The Hippo Model in Link’s Awakening, however, I feel takes from that game, and the series, as it is simply nudity for the sake of nudity, which I think is fairly immature. In the case of the Zoras and Gorons, that is what I call practical nudity, as they have no practical reason for clothing, so why have clothing? The Twili are humanoid in appearance, and their shadow clothing suggests the idea that they have a sense of shame not unlike our own, and their partial nudity is also a matter of aesthetic, in the appearance of the race.
Concept art for Fi, from Hyrule Historia, as seen to the left and right, shows her as having a much more feminine, or stylized physique. Knowing that they had that idea in mind for Fi makes me disappointed in the end product, as her earlier designs, and having the frame-of-mind that nudity is beautiful, would represent Fi as being a beautiful, and pure, representation of the Master Sword. It also would have related to Ghirahim’s third form, in which he, as aforementioned, is essentially nude. That design with the whips of shards was also to have an attack for Fi, which would have made her more useful in battle, but no, the end result of Fi was slightly more plain, maybe to help present her as a cold and calculating figure, despite the human emotions she comes to understand in the end. With this in mind, I can’t help but wonder about the future of nudity in the Zelda series?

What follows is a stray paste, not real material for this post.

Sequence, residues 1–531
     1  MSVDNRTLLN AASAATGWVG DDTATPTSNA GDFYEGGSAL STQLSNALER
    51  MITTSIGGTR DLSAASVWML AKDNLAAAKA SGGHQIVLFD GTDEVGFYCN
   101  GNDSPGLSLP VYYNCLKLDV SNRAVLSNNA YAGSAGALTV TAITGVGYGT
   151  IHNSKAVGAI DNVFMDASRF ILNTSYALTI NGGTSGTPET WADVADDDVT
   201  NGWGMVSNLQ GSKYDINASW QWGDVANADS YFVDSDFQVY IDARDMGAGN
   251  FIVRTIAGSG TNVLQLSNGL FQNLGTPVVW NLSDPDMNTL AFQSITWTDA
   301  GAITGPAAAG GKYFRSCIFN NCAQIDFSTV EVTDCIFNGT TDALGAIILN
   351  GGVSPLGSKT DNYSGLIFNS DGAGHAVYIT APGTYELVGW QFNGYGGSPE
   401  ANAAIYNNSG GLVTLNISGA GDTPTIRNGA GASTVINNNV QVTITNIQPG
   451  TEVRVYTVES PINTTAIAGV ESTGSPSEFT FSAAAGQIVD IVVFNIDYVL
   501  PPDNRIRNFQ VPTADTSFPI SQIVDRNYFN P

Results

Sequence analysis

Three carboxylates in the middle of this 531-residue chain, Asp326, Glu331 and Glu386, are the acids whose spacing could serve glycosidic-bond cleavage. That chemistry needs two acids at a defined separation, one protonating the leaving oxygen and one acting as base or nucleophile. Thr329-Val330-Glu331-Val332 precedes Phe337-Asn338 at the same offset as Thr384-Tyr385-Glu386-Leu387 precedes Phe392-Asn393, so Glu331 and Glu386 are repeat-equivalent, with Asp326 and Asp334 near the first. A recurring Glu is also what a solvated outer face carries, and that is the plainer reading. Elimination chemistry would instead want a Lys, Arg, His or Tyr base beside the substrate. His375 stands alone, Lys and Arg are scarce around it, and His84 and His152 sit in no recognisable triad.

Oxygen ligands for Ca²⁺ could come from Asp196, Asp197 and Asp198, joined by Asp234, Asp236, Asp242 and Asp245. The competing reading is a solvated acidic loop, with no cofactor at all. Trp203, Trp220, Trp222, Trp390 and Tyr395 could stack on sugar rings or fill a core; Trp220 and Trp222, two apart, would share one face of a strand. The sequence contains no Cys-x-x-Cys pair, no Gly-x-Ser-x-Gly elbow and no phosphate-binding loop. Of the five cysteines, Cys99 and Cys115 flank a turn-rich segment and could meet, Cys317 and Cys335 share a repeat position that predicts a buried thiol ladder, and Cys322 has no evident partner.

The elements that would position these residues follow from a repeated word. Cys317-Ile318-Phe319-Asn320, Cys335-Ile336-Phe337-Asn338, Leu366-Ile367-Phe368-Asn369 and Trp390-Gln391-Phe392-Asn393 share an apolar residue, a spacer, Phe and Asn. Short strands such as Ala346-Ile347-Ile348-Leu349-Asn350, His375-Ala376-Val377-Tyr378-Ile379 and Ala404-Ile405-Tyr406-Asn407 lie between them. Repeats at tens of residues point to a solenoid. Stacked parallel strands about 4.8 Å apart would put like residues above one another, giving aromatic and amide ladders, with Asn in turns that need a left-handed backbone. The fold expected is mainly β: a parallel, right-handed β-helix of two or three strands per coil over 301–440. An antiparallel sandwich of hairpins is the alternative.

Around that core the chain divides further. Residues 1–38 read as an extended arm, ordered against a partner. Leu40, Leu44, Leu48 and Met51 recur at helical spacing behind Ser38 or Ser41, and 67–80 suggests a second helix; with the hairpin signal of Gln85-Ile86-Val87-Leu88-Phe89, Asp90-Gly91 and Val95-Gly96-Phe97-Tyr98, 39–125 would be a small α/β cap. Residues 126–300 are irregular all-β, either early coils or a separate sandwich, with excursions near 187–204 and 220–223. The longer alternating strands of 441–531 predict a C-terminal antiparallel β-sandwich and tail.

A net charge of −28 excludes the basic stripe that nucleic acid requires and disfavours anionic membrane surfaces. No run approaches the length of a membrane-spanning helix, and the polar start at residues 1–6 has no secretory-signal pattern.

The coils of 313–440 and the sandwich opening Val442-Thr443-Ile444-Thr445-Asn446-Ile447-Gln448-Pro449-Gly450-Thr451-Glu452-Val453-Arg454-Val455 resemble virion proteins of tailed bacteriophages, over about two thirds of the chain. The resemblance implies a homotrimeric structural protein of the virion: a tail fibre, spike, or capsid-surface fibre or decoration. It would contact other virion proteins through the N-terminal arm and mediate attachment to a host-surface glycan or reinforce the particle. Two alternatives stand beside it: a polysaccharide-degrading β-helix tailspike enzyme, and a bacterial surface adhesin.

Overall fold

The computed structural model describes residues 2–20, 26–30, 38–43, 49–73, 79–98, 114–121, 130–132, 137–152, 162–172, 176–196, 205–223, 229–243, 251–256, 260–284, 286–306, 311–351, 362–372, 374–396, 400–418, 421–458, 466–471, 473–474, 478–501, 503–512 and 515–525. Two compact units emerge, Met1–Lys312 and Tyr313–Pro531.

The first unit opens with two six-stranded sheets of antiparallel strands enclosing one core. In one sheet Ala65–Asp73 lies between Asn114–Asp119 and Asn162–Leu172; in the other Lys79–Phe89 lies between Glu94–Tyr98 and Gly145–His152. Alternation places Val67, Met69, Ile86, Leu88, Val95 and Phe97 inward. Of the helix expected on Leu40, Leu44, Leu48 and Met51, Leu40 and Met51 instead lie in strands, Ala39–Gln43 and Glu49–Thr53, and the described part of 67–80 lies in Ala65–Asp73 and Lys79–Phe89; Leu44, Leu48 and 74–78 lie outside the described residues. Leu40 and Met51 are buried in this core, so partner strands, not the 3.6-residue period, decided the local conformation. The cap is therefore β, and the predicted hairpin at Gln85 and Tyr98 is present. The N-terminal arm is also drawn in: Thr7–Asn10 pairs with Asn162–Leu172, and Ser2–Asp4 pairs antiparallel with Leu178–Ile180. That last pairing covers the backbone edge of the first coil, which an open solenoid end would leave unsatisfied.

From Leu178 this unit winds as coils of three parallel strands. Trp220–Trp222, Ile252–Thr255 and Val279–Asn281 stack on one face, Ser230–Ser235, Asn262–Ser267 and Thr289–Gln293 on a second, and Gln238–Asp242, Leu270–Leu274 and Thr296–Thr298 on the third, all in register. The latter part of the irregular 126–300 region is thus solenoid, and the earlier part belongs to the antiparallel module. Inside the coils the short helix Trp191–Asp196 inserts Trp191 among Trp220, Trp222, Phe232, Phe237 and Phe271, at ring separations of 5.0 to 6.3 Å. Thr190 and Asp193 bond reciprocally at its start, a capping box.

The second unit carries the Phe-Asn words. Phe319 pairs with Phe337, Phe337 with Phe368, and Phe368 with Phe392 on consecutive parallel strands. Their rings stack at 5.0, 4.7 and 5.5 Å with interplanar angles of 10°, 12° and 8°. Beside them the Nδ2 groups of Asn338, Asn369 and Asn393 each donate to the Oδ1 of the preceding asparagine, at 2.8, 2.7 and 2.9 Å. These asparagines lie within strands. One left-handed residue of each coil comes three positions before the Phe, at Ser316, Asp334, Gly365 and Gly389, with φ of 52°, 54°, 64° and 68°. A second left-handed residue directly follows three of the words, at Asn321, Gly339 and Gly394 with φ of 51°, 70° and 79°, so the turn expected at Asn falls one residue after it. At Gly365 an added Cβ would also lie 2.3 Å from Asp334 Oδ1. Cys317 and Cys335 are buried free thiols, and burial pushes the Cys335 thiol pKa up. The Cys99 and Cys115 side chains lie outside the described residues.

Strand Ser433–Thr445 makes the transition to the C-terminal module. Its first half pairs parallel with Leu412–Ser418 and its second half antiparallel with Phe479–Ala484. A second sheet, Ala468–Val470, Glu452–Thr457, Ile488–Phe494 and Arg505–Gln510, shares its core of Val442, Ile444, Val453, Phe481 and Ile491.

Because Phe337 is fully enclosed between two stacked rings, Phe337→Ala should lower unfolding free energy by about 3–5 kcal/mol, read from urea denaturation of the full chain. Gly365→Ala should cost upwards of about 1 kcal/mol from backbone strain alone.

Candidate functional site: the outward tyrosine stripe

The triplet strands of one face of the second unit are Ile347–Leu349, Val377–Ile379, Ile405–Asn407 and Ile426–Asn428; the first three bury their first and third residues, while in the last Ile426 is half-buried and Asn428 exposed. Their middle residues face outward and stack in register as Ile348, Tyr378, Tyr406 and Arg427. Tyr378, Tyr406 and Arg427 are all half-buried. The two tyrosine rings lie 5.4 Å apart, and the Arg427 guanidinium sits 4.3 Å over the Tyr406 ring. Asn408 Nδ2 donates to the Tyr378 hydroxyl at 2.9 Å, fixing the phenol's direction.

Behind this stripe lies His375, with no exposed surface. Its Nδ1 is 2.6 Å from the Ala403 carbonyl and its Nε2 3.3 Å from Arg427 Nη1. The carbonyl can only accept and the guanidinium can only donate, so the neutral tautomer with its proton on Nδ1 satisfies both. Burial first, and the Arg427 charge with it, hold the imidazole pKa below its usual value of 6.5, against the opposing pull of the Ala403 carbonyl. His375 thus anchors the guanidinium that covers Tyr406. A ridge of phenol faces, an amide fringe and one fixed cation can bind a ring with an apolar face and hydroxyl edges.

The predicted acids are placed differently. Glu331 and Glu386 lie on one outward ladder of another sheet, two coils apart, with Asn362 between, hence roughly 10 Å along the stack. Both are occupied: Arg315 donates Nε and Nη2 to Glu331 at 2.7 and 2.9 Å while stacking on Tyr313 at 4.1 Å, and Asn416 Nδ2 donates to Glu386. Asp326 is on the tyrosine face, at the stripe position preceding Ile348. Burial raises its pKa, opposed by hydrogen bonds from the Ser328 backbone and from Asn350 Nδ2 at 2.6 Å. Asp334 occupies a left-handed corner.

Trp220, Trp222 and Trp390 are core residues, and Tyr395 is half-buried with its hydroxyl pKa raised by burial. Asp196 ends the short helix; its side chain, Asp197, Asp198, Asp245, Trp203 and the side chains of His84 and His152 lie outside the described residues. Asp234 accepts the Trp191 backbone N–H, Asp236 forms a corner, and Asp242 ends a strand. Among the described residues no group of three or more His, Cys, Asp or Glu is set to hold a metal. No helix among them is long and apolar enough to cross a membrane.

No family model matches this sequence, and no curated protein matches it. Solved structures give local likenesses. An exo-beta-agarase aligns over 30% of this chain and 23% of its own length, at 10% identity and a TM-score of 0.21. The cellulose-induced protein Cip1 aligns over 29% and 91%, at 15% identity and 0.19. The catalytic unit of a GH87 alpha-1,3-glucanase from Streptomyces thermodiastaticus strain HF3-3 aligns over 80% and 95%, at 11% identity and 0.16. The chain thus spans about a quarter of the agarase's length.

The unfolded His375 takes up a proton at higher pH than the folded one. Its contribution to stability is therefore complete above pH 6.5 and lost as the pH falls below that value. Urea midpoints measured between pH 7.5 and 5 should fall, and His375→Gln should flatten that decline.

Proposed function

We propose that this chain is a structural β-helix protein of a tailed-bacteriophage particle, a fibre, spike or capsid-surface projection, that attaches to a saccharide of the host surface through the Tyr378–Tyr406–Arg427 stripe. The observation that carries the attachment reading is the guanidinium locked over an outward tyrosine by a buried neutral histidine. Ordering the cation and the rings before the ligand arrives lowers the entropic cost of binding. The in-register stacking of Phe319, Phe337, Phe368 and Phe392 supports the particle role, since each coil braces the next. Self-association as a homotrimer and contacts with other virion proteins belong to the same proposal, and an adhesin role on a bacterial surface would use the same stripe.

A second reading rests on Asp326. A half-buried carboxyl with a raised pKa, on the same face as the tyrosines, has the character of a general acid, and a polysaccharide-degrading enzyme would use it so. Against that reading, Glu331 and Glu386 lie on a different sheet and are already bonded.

So what do you guys think? Do you feel nudity adds or takes from the series? Is it necessary to represent the beauty of certain characters or objects, or an unnecessary indulgence in sexual stimulation in the games? Do you find it sexist due to more common depictions of female nudity over male nudity? Let me know in the comments.